Hundreds of Mackay’s future environmental leaders participated in a day of educational activities at Mackay Regional Botanical Gardens to help protect the Great Barrier Reef.
The activities were part of the annual Future Leaders Eco Challenge, which was run as part of the Great Barrier Reef Marine Park Authority’s (GBRMPA) Reef Guardian Schools program.
The theme for this year’s event was community stewardship in action. Students built fishways and habitats for animals, planted trees and learnt about human impacts on wetlands.
GBRMPA liaison officer Kate Finch said the event aimed to encourage students to learn about and care for their local environment, in turn contributing to the health of the Great Barrier Reef.
“The Mackay region has a strong connection to the neighbouring Great Barrier Reef and the local teachers and students have an important role to play in its future,” Ms Finch said.
“The event aims to empower them, give them a sense of involvement in the bigger environmental picture, and encourage them to make a positive difference.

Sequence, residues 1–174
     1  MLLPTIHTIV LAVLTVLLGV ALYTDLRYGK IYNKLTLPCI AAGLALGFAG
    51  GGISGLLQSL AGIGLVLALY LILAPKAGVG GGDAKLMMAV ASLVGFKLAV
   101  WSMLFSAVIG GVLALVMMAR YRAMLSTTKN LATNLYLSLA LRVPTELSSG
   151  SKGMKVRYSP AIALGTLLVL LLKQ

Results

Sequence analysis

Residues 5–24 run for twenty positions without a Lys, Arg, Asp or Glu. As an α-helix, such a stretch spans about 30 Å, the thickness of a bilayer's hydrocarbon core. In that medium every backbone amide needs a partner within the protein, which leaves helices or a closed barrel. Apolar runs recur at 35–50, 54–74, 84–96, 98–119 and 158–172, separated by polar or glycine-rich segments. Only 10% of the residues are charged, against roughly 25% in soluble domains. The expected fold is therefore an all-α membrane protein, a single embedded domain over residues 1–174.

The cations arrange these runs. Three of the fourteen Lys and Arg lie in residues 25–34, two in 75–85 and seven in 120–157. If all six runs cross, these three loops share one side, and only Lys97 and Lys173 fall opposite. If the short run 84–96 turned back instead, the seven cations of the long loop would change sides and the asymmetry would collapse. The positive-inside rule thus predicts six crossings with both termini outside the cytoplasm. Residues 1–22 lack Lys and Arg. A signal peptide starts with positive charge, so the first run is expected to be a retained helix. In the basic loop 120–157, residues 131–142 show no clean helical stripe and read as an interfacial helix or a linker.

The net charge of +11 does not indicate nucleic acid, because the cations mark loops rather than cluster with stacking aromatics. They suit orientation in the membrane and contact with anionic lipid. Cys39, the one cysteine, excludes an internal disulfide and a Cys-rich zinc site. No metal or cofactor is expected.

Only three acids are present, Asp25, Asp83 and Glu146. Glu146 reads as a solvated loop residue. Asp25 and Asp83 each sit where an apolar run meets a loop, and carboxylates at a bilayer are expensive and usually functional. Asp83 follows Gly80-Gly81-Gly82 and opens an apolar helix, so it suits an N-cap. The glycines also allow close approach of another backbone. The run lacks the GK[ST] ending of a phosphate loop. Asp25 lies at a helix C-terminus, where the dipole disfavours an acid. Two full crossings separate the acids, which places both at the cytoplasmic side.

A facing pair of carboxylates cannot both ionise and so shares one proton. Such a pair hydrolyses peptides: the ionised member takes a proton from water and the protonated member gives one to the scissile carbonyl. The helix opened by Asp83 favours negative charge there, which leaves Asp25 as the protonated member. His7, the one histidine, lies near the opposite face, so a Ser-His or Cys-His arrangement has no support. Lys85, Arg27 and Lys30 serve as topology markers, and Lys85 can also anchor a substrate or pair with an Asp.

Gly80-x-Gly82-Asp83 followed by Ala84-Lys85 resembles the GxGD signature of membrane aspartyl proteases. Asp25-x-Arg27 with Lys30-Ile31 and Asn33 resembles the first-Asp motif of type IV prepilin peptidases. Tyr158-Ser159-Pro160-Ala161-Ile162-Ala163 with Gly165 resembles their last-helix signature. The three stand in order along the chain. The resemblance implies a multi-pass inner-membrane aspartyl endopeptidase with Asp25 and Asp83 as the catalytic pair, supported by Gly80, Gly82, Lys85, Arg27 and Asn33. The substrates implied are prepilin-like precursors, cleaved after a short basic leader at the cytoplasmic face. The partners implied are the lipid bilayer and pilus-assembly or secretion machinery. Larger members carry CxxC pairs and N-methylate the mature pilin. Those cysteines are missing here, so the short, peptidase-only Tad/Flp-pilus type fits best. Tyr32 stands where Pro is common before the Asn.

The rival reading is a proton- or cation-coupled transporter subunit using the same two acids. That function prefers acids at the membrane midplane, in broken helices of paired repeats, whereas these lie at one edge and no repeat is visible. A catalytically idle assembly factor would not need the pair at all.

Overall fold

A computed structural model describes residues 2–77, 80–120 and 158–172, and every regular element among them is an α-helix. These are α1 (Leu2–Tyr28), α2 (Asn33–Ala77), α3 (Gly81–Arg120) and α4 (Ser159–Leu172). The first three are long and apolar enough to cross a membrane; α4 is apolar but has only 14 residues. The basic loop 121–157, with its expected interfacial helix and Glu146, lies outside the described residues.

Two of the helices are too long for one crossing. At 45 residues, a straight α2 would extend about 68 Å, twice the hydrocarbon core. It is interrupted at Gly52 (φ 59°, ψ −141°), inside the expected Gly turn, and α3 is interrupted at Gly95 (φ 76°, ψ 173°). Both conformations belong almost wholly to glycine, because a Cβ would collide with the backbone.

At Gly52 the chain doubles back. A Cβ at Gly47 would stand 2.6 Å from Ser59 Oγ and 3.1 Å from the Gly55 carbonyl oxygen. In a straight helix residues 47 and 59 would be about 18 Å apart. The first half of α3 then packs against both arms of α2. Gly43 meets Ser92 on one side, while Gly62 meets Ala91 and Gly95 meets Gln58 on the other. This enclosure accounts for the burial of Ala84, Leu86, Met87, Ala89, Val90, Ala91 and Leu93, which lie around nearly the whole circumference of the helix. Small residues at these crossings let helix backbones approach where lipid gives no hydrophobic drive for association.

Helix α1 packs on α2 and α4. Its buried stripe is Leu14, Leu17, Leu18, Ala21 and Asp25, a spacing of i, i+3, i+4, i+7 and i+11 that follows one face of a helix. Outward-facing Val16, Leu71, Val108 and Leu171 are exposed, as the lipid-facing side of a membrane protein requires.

“Environmental projects in Reef Guardian schools contribute to broader actions that are helping protect the Reef — all actions, big or small, are vital to the Reef.”
Schools in the Mackay which partipcated in the challenge include Sarina State High School, St Francis Xavier Catholic School, Mackay Central State School, Holy Spirit College, Finch Hatton State School and Slade Point State School.
Local environmental groups also participated in the challenge.
Future Leaders Eco Challenges will take place in Brisbane, Townsville, Cairns, Port Douglas, Innisfail, the Whitsundays, Burdekin, Gladstone, Bundaberg, Capricorn Coast, Mackay, Ingham and Bowen.
GBRMPA’s Reef Guardian Schools program includes 276 schools, over 120,000 students and 7400 teachers from Brisbane to the Torres Strait. For more information about the Reef Guardian Schools program visit www.gbrmpa.gov.au.